BAFTA-winning artist Alison Jackson was at a smart dinner party in London when she discovered, quite by chance, that her family’s magnificent and much-loved country home which had been left to her older brother had been sold.

‘I only found out because the person next to me told me they had to drive to Gloucestershire after dinner. When I asked where, he mentioned the name of the house and I said, “Oh that’s funny. That’s my family home you’re driving to.”

‘He said, “No, not any more it’s not. It’s mine.” He had just bought it.’ She looks, as well she might, truly aghast.

Alison, 61 years old, is a lively photographer who delights and amuses with her hilarious spoof photographs of the rich. One example of this is Meghan Markle, who wrestled a fake Duchess to the ground by her hair. But for her, this — the sale of her childhood home — is beyond parody.

‘I couldn’t believe it,’ she says. ‘I still can’t, but I had to keep putting on a nice normal face. I was at a proper dinner party so I couldn’t go and scream.

‘You’d have thought there’d have been a phone call from my family, but no. Nothing. Instead, I found out from the person who bought the house.’

Alison’s terribly grand family home, Poulton Priory, once the site of an 11th-century monastery in Gloucestershire, which sold for £11.5 million six years ago, was part of an impressive 3,000-acre estate with ‘many houses’. She reckons the huge chunk her brother has not sold off is worth ‘many tens of millions’ today.

Poulton Priory in Cirencester, Gloucestershire. Alison Jackson was at a smart dinner party in London when she discovered, quite by chance, that her family home had been sold

Poulton Priory is in Cirencester (Gloucestershire). Alison Jackson was at an elegant dinner party in London when she found out that her family home had been purchased.

Her father, eccentric, Bentley-loving landowner George Hulbert Mowbray-Jackson, bought it in 1972 after he was handed £5.6 million in a compulsory purchase order for his Georgian estate in Hampshire [the then government wanted to build the M27 through his parkland].

From the age of 12, Alison remembers ‘an army of gardeners, people to do the tennis court, another army of people to do the horses [her mother Catherine was a horsewoman]People who maintain the petrol pump [her motor-enthusiast father’s indulgence]. There were also squash courts, a swimming pool and kitchen garden with ‘delicious’ Muscat grapes, nectarines and apples.

‘My father was constantly building ponds so there were all these ornamental ducks — two, three hundred — and geese, guinea fowl. You’d go up the driveway and there’d be peacocks everywhere. There were also horses. My mother had about eight dogs and ten horses.’

She swells up like one of those peacocks and laughs in a thoroughly ‘life-was-such-a-lark’ sort of way.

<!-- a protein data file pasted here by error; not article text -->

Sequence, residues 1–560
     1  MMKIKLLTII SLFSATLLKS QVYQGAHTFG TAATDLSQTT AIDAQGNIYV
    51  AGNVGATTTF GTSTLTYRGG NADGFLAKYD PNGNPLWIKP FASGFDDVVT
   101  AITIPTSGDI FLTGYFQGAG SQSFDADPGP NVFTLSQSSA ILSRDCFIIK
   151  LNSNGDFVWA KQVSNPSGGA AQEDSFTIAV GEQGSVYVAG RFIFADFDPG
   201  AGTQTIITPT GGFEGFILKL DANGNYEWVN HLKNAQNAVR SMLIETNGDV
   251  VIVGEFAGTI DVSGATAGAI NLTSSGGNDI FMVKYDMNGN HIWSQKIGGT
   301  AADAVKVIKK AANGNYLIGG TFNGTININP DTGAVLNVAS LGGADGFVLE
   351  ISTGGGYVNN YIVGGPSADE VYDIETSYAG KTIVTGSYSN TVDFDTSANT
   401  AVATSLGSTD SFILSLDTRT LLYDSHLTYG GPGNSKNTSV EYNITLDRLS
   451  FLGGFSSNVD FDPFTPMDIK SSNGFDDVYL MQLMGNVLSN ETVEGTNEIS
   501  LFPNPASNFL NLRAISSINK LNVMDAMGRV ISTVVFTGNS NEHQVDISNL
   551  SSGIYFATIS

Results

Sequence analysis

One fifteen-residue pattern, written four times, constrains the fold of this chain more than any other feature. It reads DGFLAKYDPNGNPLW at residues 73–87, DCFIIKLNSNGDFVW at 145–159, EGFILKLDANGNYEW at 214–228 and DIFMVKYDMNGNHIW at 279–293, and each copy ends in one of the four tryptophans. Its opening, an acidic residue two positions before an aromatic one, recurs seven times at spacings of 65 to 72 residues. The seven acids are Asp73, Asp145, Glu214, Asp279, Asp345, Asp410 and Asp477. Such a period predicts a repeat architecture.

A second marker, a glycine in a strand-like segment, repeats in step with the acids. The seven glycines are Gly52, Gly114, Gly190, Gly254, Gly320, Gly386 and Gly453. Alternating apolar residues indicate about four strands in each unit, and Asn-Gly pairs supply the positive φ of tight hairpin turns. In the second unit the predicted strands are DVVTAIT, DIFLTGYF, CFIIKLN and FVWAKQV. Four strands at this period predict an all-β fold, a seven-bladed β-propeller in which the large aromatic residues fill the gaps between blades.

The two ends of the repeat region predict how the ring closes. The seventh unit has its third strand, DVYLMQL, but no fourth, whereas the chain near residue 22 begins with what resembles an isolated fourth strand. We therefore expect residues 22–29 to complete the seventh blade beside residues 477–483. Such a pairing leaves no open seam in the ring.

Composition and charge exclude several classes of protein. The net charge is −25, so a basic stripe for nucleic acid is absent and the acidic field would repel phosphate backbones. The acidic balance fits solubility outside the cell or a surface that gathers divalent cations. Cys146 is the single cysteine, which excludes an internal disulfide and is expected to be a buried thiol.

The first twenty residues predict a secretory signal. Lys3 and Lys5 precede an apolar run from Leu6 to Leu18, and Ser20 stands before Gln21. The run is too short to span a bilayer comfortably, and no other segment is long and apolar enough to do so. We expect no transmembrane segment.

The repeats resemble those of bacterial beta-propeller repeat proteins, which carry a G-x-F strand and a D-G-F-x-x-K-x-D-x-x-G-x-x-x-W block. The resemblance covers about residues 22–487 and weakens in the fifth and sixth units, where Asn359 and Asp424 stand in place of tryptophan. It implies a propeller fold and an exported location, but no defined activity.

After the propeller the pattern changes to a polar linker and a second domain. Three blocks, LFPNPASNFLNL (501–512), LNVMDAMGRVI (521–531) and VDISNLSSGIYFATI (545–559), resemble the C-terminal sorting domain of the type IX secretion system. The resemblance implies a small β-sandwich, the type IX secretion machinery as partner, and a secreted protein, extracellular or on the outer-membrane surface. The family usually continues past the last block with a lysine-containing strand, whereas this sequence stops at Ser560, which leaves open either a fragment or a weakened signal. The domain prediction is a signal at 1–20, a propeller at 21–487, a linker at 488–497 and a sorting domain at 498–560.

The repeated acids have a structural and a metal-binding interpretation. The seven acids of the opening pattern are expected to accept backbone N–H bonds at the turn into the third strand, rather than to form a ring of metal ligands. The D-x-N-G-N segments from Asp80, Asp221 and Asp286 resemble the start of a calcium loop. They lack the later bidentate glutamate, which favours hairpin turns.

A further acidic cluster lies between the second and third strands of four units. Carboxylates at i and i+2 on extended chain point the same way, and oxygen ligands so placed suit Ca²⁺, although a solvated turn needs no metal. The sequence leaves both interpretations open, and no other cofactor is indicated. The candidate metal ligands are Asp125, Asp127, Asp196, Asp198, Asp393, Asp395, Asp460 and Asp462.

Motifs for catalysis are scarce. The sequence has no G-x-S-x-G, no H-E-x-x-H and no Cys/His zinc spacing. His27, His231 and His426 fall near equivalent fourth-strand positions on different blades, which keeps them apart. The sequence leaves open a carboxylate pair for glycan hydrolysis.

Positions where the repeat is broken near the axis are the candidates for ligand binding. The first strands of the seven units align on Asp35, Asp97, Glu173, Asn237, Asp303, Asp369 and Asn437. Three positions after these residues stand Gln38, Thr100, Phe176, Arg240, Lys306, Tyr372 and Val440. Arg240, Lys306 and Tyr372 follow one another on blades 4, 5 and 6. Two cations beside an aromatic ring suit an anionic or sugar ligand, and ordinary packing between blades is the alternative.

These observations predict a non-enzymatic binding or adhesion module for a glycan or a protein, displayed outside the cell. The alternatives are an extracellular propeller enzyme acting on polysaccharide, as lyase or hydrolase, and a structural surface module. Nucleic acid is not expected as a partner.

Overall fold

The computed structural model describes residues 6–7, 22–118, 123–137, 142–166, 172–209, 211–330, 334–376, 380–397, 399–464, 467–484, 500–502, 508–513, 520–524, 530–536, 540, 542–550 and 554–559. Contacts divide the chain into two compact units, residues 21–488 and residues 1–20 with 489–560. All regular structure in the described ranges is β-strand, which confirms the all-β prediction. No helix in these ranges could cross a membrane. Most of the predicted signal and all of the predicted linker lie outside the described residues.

Alison learned to drive at Poulton (‘although my first car was an Austin of England when I was nine’), rode there (‘I used to go hunting and have pictures of me on a donkey when I was two’), and celebrated her 18th birthday there (‘Dad would always commandeer my friends and end up getting them drunk and having a raucous time’). She thought this ‘fantastic, delicious’ life would never end.

Pictured: Celebrity spoof photographer Alison Jackson

Pictured: Alison Jackson, Celebrity Spoof Photographer

But her father, a ‘larger-than-life’ character who was ‘king of his castle’, left the lot to her only sibling Julian. ‘It’s because he was a boy,’ she says. ‘My father really believed it was the right thing. I don’t want to diss him.

‘Victorian values shaped his character. He believed children should not be heard but seen. He also believed children should be served formal meals and discipline by staff. I was taught to sit up straight or I’d have a fork slammed in my back.

‘Everything had to be done properly, but I loved my father.’ She stops. She stares at me, her eyes brightened by kohl. ‘I could have got one field, couldn’t I — just one field?

‘I don’t want to use horrible words like mean, but it’s unfair and it shouldn’t happen. There should be more provision for women in the age we’re in. It’s that simple. But it never really dawned on me I wouldn’t have that fantastic, delicious time all my life because, when you’re in it, you just think it will go on.’

Her charmed, happy life was ended by the 2001 death of her mother. Catherine, a former debutante, was left wheelchair-bound after a horrific riding accident at the ripe old age of 59. Her husband died in 1992.

So Alison continued to spend ‘fantastic’ weekends with her mother in Poulton Priory, close to where her brother, two years her senior and now a widower, lived with his only son in the estate’s farmhouse.

‘I was with my mother in hospital when she died in 2001. The undertaker said, “Get something to put in her coffin. That’s the tradition.” I thought, “OK, I’ll get a bit of dog’s fur — she loved the dogs — or a bit of horse’s mane or tail.”

‘So I got in the car and drove to the family home to get something. But let’s just say I couldn’t get into the house. My mother wanted her ashes to be spread in the rose garden so I did that, too — alone.’

Alison says that Julian and Alison had strong words that day. She is still furious and feels that she has been left out of the warm when it comes to the house she once loved.

‘I recall shouting at him because I was so angry. But shouting doesn’t change anything. Men get everything, and women get nothing. This is absurd in today’s world. I think that was the last time I spoke to my brother.’